Here is a partial bibliography on different resources for providing therapy and counseling services to members of the alternative sexualities communities and people with creative relationship/family structures:
Abby Girard & Allison Brownlee (2015): Assessment guidelines and clinical implications for therapists working with couples in sexually open marriages. Sexual and Relationship Therapy, DOI: 10.1080/14681994.2015.1028352
Bezreh, T., Weinberg, T. S., & Edgar, T. (2012). BDSM disclosure and stigma management: Identifying opportunities for sex education. American Journal of Sexuality Education, 7(1), 37-61.
Easton, D. (2007). Shadowplay: S/M Journeys to Our Selves. In D. Langdridge & M. Barker (Eds.), Safe, Sane and Consensual: Contemporary Perspectives on Sadomasochism. (pp. 217-228). New York: Palgrave Macmillan.
Hoff, G. & Sprott, R. (2009). Therapy Experiences of Clients with BDSM Sexualities: Listening to a Stigmatized Sexuality. Electronic Journal of Human Sexuality, 12.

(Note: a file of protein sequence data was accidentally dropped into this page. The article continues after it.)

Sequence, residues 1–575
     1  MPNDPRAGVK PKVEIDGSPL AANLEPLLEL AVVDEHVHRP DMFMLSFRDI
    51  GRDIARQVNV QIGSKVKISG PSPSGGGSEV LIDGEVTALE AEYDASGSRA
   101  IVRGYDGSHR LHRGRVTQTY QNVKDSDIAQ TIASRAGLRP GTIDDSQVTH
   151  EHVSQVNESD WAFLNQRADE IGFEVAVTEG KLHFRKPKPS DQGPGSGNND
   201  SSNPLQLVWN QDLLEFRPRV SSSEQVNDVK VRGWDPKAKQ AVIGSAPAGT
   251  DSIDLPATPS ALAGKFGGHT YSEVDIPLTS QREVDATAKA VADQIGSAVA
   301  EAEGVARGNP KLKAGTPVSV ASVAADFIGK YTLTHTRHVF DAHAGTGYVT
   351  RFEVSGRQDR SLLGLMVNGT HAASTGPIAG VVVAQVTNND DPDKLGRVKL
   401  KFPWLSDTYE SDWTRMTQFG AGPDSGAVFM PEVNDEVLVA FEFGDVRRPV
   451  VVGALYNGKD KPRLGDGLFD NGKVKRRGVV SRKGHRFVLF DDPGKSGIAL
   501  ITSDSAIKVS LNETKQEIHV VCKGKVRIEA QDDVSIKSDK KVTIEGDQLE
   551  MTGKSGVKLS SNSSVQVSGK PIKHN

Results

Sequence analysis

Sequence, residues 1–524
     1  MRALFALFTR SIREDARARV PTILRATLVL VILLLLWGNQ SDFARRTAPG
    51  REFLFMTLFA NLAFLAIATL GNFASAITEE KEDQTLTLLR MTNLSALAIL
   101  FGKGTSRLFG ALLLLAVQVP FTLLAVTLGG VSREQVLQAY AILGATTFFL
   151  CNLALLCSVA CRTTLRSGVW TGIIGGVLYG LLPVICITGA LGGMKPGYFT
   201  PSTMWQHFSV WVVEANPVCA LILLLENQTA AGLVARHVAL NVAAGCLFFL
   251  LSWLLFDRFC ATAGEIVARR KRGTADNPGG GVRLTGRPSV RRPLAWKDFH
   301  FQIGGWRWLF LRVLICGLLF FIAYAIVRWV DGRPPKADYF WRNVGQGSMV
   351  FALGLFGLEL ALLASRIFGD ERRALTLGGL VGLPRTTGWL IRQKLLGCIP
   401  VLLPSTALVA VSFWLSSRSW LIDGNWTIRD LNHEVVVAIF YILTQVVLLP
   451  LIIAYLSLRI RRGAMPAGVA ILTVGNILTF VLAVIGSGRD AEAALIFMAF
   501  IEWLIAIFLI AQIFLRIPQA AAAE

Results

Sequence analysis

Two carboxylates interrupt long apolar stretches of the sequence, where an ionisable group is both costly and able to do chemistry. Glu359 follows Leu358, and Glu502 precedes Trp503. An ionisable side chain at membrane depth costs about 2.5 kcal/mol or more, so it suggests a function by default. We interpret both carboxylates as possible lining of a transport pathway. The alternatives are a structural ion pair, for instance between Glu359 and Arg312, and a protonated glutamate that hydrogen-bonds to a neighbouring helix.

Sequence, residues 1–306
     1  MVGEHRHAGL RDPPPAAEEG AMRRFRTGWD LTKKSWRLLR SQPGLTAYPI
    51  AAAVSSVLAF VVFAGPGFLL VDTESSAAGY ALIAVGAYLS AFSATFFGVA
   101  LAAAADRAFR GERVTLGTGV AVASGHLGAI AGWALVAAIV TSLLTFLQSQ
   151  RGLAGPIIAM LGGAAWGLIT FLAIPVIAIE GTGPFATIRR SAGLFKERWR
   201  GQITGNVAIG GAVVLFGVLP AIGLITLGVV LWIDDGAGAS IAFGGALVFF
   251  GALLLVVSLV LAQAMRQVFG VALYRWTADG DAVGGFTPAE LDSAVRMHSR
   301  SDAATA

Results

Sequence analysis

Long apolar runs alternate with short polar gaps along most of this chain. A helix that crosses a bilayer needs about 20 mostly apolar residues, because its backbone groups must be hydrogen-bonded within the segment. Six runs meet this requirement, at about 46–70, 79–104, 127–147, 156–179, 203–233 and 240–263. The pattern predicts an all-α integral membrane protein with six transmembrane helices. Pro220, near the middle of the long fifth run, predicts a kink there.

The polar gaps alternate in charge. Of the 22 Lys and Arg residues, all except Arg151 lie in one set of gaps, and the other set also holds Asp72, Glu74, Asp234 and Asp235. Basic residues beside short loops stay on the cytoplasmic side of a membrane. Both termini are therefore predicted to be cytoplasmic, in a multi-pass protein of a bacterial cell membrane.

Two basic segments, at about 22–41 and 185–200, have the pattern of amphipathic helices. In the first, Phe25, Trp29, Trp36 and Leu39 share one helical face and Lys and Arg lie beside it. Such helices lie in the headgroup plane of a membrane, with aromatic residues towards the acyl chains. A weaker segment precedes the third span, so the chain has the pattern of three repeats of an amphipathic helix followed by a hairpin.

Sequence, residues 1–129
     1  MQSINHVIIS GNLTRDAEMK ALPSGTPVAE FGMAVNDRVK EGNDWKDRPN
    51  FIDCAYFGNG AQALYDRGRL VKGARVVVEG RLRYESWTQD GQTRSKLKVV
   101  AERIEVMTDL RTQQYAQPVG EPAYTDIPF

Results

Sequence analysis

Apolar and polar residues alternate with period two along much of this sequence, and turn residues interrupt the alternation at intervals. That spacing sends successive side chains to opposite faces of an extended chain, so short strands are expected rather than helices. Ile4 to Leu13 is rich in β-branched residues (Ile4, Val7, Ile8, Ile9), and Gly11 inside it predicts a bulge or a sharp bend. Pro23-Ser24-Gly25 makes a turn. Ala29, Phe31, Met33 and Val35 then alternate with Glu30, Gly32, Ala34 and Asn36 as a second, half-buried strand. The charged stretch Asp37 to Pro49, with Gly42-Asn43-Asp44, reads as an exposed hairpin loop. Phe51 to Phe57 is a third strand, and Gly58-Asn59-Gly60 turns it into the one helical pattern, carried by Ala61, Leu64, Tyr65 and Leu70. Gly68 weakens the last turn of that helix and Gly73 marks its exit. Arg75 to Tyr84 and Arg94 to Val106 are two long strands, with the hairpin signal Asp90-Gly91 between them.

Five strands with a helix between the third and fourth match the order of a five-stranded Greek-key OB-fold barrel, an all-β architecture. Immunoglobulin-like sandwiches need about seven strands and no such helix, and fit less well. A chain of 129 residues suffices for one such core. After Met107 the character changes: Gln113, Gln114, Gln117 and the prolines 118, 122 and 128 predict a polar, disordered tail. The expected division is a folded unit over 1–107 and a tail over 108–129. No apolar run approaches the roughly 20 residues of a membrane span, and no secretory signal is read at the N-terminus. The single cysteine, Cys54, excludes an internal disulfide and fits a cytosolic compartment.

Kolmes, K., & Weitzman, G. (2010). A guide to choosing a kinkaware therapist. the National Coalition for Sexual Freedom.
Kolmes, K., Stock, W., Moser, C. (2003). Investigating bias in psychotherapy with BDSM clients. Journal of Homosexuality, 50 (3/4).
Langdridge, D. & Barker, M. (2007). Safe, Sane and Consensual: Contemporary perspectives on sadomasochism. New York, NY: Palgrave Macmillan.
Moser, C. & Kleinplatz, P. J. (Eds.). (2006). Sadomasochism: Powerful Pleasures. New York: Harrington Park Press.
Nichols, M. (2006). Psychotherapeutic issues with "kinky" clients: Clinical problems, yours and theirs. In P. J. Kleinplatz & C. Moser (Eds.), Sadomasochism: Powerful Pleasures. (pp. 281-300). New York City: Harrington Park Press.
Ortmann, D. & Sprott, R. A. (2012). Sexual Outsiders: Understanding BDSM Sexualities and Communities. New York City: Rowman and Littlefield.